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That drum roll of a ball

by Gaurav Sethi

I shut my eyes.

Standing behind the leg umpire, who, in turn, stands by the batsman, this is my way to connect with their cricket.

But it doesn’t work that way. Just like they can’t open their eyes and connect with our cricket.

But in the hour that followed it wasn’t their cricket or our cricket, it was everybody’s cricket.

And no matter how much you meddle with it, twist and turn it, somehow cricket comes through.

So my eyes are shut. And I’m trying to think, and feel like them. Lasts no longer than a few seconds. I wanted to know what that drum roll of a ball feels like. What it feels like standing in a Zen like sweep stance, ready to sweep.

Snap out of it. Think he might sweep my head off. On a cricket field my instincts of self preservation invariably take over.

14 kids in three slots: B1, B2, B3, based on how much or how little they can see. Some kids can’t see at all, they’re blindfolded, looks like they’re some cool Kung-fu warriors, set to take on a more evolved Chinese version of Cricket-Fu-Man-Chu!They’re all in nifty tracks. And the song’s playing ‘from Chandichowk to China’.

Before the game begins, I take the field in –it’s bigger than the Kotla, but then most grounds are. Kids warm up, fielding gigs, throwing the drum roll ball and throwing themselves at it. Trust the bounce, trust the field, go-for-the-ball, flat out in every way. Watch these kids flinging themselves at the ball, looks like some Jonty drill.

Coach doubles up as umpire. He’s a chatty fellah so we chat. Rules: bowl underarm with the ball bouncing before the halfway line. Savvy field distribution: where does a B1 go – short midwicket, short cover etc. B2s further out. B3s in place. The kids who can see some keep wickets, do the running.

Let’s Rock ‘n’ Roll: 10 overs, 15 overs, whatever we can get in. This is the IIT Delhi cricket ground, Dean, students, the future of India is in.

I’m the lone wolf with a camera. And I’m at short cover, soon short mid off. Looks like KP is setting me up.

First ball: bowler holds on to the stumps, finds his footing, right (under) arm over the wicket. And announces: BATSMAN READY!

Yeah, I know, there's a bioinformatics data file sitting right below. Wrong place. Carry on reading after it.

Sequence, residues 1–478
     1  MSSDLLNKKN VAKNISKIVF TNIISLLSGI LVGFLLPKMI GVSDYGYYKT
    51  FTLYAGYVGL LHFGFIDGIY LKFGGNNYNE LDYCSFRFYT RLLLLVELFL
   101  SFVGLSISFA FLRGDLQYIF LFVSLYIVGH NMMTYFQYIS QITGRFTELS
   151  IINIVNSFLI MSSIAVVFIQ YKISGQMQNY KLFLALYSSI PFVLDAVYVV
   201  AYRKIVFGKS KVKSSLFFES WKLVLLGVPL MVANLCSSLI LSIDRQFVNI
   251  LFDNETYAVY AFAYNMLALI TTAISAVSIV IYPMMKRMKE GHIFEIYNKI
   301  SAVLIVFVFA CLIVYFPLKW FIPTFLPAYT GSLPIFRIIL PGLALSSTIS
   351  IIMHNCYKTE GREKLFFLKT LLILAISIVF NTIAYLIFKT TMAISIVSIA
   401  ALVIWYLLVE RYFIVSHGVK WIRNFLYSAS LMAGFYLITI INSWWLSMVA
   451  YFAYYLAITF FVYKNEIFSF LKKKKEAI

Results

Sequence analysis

That was said again and again and again. BATSMAN READY!

That’s cricket for you: one kid telling another to get ready. And sometimes even the batsman used to echo his words: BATSMAN READY!

As there were 14 kids, no teams, just a fluid system where one B1 replaces another, B2 for a B2, and so on - everybody bats, bowls, fields. Just like good old numbering.

My chat with Coach-umpire sneaks me into their system, the coaching, the zones, even the World Cup. But I just can’t take my eyes off the game. Recall this much- it’s a plastic ball with metal shavings in it. I’m a metal head now.

Not since Gooch vs. India have I seen so much sweeping. Not since Sachin have I seen anybody sweep so fine. And though no reverses one kid did tonk it in my direction. Naturally I ran.

By now the press was in on it. The mobile press box was everywhere – mid off, leg slip. I was at the leg umpire’s where a batsman would cool his heels, often with this college kid holding him in place, like an old buddy, arm around. (Clicked that). Btw the runner or non-running batsman was always behind the line. The rules were worked out. This wasn’t faux cricket. It was the real deal.

While No.3 Govind was Gooching away, I checked with the scorekeeper – 4,1,3,4,2…hell, he was on 49. And then Govind tried to smash one towards Mech. Drawing but got Civil Engineered. He was castled.

Scoreman and I felt his pain. The coach didn’t. He clapped. Twisted guy claimed it was good to get out on 49. Not one for the milestones. Wonder what he thinks of stones? Was he inspired by Sachin’s comment?

Next a tailender. By the time the ball got to him, he would sweep once, twice, at times even thrice. Coach piped in with a kind word. Followed by the fielders, the bowler and even me –that worked as he swept square for one. Applause! Next over Walsh was out.

As he walks past me to mid wicket, I rave about his shot. He mock leaps in the air, ‘Just like Sachin’

Next ball he saves a full blooded shot throwing himself at the ground – don’t know whether it was his stomach, chest or face but he had every inch of him behind that drum roll of a ball.

"Batsman Ready?!"

That drum roll of a ball

Down to thirdman for a single

Batsman Ready.

Hot selling wickets - 'HIT' WICKET!

A good ol' fashioned Indian 5th Day pitch


Q said...

I remember watching one such game in Pakistan. They played with such enthusiasm and excitement.

I think Pakistan even won the Blind WC a couple of years ago.

Great coverage NC!

Gaurav Sethi said...

Cheers Q. This was my first game, TV can't pull it off. Gotta be right there, close in.

Q said...

Indo-Pak Petro Cup?

Whats that?

Gaurav Sethi said...

a good imagination.

straight point said...

great images...great coverage...

though i have not seen it live i saw some matches on tv...that hustling sound of ball remained with me...and the joy of just playing the game and contributing is just to be seen to believe...

Gaurav Sethi said...

Thanks SP. yeah, they're very enthu, a buzz about the fielders, and their filding. lotta clapping, calling, just no sledging.

sraghuna said...

Hmmm nekkid ... so you're on to covering live events now ... what these guys lack in the ocular dept they make up for in terms of sheer chutzpah! And nekkid if you can hear the drum roll then you're probably TOO CONNECTED ... get outta the way dude!!!